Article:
For some people, Memorial Day is just another three-day weekend, the beginning of grilling season, the opening of community pools. It has become a day of great joy for many people. Most realize the day has something to do with honoring military, so veterans are often thanked for their service or even told “Happy Memorial Day.”
Unfortunately, it is easy to lose sight of the true meaning of the day. Many with wonderful intention attempt to honor those of us veterans who are alive today, but the day is meant to honor our fallen brothers and sisters. All who served did so willing to make the ultimate sacrifice, and this day is dedicated to the sacrifice those men and women made with their lives. The freedoms we share today are due to them, and this day is to honor those who lost their lives defending our freedom.
For those desiring to thank a veteran, the day would be best used to honor those who passed. Listen to the stories of the heroes who are no longer with us. Honor them, their spouses and their children, and try to respect the solemnness that a veteran you know may be experiencing.
For my first few years home from combat, Memorial Day was a day when I rarely spoke. It was filled with tears and some quiet time outside to honor those who were lost in combat.
For many veterans, sharing stories about our lost brothers and sisters can help with the healing process. For me, it was extremely hard at first, but now I enjoy talking about them and keeping their stories alive. We can show care for other veterans who lost loved ones – remember that very few have dealt with losing a brother or sister in arms, so appreciate the thanks someone gives you on this day. They are thanking you because they care, and you can use it as an opportunity to kindly educate them on the true meaning of the day.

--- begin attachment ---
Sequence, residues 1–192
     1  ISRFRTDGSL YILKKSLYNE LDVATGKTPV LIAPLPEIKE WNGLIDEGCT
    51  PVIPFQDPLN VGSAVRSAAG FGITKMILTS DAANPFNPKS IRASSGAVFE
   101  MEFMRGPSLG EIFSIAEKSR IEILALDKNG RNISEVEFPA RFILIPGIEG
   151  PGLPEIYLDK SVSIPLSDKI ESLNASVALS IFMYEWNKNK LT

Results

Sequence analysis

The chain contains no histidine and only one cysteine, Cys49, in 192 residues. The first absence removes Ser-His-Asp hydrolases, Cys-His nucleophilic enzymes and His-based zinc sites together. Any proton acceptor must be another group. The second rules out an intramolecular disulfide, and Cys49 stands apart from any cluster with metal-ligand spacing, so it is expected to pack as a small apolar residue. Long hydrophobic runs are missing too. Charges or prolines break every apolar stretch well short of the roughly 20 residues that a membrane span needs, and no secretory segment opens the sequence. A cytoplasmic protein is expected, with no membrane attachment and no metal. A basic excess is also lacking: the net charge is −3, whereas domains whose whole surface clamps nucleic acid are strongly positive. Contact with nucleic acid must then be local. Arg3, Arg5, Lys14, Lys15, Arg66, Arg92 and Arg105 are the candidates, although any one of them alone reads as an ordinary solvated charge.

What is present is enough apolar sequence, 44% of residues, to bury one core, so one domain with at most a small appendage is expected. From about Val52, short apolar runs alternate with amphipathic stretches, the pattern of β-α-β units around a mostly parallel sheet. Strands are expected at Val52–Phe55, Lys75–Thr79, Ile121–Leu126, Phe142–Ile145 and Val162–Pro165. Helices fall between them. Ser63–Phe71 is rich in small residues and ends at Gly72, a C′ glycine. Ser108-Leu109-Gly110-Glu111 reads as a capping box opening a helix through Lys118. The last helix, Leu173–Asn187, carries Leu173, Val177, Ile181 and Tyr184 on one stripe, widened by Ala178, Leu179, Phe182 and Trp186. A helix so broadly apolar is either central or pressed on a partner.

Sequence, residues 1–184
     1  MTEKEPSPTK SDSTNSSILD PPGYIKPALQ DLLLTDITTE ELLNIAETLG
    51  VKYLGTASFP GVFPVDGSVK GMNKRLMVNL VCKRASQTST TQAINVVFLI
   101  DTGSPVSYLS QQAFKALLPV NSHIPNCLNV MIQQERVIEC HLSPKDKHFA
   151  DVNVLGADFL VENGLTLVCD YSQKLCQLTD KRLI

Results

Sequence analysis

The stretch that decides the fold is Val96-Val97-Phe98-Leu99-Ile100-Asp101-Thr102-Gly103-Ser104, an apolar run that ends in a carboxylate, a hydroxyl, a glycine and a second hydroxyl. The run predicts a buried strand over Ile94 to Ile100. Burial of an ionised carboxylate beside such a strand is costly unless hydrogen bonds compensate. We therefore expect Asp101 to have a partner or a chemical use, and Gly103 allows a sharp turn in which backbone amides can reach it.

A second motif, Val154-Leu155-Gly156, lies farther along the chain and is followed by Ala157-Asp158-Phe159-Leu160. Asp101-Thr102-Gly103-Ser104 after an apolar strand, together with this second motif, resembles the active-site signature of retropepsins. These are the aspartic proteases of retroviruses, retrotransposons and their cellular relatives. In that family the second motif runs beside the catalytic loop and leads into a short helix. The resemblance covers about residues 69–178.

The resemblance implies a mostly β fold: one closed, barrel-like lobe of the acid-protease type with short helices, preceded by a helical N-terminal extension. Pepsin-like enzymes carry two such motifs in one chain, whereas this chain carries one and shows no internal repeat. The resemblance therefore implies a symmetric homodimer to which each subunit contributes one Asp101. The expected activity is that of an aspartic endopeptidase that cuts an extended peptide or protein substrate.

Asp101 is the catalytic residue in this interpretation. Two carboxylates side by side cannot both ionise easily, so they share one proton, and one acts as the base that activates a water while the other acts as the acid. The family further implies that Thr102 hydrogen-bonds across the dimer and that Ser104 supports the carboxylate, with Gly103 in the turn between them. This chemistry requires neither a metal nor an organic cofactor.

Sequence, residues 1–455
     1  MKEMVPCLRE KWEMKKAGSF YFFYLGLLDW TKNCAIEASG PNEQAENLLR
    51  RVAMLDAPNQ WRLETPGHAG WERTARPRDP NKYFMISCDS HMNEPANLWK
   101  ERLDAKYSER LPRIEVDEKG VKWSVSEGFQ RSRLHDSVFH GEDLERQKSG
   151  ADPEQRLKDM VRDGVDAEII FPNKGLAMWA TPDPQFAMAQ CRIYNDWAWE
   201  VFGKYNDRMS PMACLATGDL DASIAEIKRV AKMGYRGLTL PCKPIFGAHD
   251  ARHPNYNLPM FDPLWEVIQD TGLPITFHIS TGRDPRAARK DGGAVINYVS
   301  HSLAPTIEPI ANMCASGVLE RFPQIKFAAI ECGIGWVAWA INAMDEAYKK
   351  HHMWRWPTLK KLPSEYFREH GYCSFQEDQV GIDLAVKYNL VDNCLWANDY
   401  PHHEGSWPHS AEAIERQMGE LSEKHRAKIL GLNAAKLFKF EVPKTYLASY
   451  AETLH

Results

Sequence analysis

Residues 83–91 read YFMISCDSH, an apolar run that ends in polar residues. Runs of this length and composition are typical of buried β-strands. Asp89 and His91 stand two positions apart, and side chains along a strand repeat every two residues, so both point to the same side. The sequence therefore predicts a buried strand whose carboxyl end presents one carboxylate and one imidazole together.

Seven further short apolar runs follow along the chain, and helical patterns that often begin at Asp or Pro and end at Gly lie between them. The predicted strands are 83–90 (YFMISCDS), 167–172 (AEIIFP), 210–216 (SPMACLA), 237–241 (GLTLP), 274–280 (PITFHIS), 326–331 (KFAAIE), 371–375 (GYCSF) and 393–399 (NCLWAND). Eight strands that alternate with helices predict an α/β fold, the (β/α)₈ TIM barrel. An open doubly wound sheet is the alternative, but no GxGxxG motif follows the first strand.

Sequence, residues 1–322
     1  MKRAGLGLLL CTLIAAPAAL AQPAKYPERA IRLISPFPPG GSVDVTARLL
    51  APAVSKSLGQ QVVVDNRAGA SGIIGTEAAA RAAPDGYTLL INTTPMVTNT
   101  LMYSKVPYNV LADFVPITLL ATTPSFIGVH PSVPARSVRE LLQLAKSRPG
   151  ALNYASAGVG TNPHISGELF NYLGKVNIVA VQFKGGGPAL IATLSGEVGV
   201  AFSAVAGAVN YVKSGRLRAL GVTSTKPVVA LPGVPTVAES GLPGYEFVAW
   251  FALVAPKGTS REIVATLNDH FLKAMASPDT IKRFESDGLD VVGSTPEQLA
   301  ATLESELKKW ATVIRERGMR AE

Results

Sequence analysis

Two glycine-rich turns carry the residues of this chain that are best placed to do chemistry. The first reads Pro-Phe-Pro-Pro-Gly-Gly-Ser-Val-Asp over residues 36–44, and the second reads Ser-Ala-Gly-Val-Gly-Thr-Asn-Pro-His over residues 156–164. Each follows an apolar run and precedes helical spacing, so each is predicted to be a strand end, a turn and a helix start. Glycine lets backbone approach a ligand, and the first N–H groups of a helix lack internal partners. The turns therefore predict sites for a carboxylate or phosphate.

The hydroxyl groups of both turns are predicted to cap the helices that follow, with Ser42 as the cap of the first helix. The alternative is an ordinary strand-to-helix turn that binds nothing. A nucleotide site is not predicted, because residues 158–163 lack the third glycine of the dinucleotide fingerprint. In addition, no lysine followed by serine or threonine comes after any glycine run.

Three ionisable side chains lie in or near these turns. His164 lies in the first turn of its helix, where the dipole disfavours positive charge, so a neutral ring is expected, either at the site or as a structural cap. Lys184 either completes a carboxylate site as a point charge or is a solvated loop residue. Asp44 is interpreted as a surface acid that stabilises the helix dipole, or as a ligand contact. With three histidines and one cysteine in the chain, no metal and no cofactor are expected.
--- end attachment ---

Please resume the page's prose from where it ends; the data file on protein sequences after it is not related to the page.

Those of us who have lost someone we cared for in combat have an obligation to live our lives to the fullest. We get an amazing chance to live and should be thankful for the opportunity to live in their honor. When I reflect on the brothers I lost in combat, it motivated me to seek help with the war I was continuing to battle on the inside. By sharing, I learned to move past and cope with my combat experiences and enjoy the life I was now living. It changed my entire perspective on life. It was the most emotional pain I ever felt, but I wanted his sacrifice to drive me to be a better man.
One of my fallen brothers didn’t have the opportunity to be a husband or a father, so I knew I needed to strive to be the best husband and father I could be in his honor – it is what he would have wanted. My family hears the stories of my friend, and we will be honoring him and the others that gave their lives defending our freedoms. Memorial Day is their day, and we have been given a chance to live our lives in freedom thanks to their ultimate sacrifices.
Mark J. Miller is an Army combat veteran and Purple Heart Recipient. He served with Special Ops and Infantry and Military Intelligence units and uses his own experience battling PTSD and my TBI to help other veterans. He enjoys Friday Night small group, hiking, being outdoors, working out, teaching, fellowship, baseball, serving others, learning new information and kayaking. He, his wife and children are a crazy fun loving family that love each other and love to serve others.
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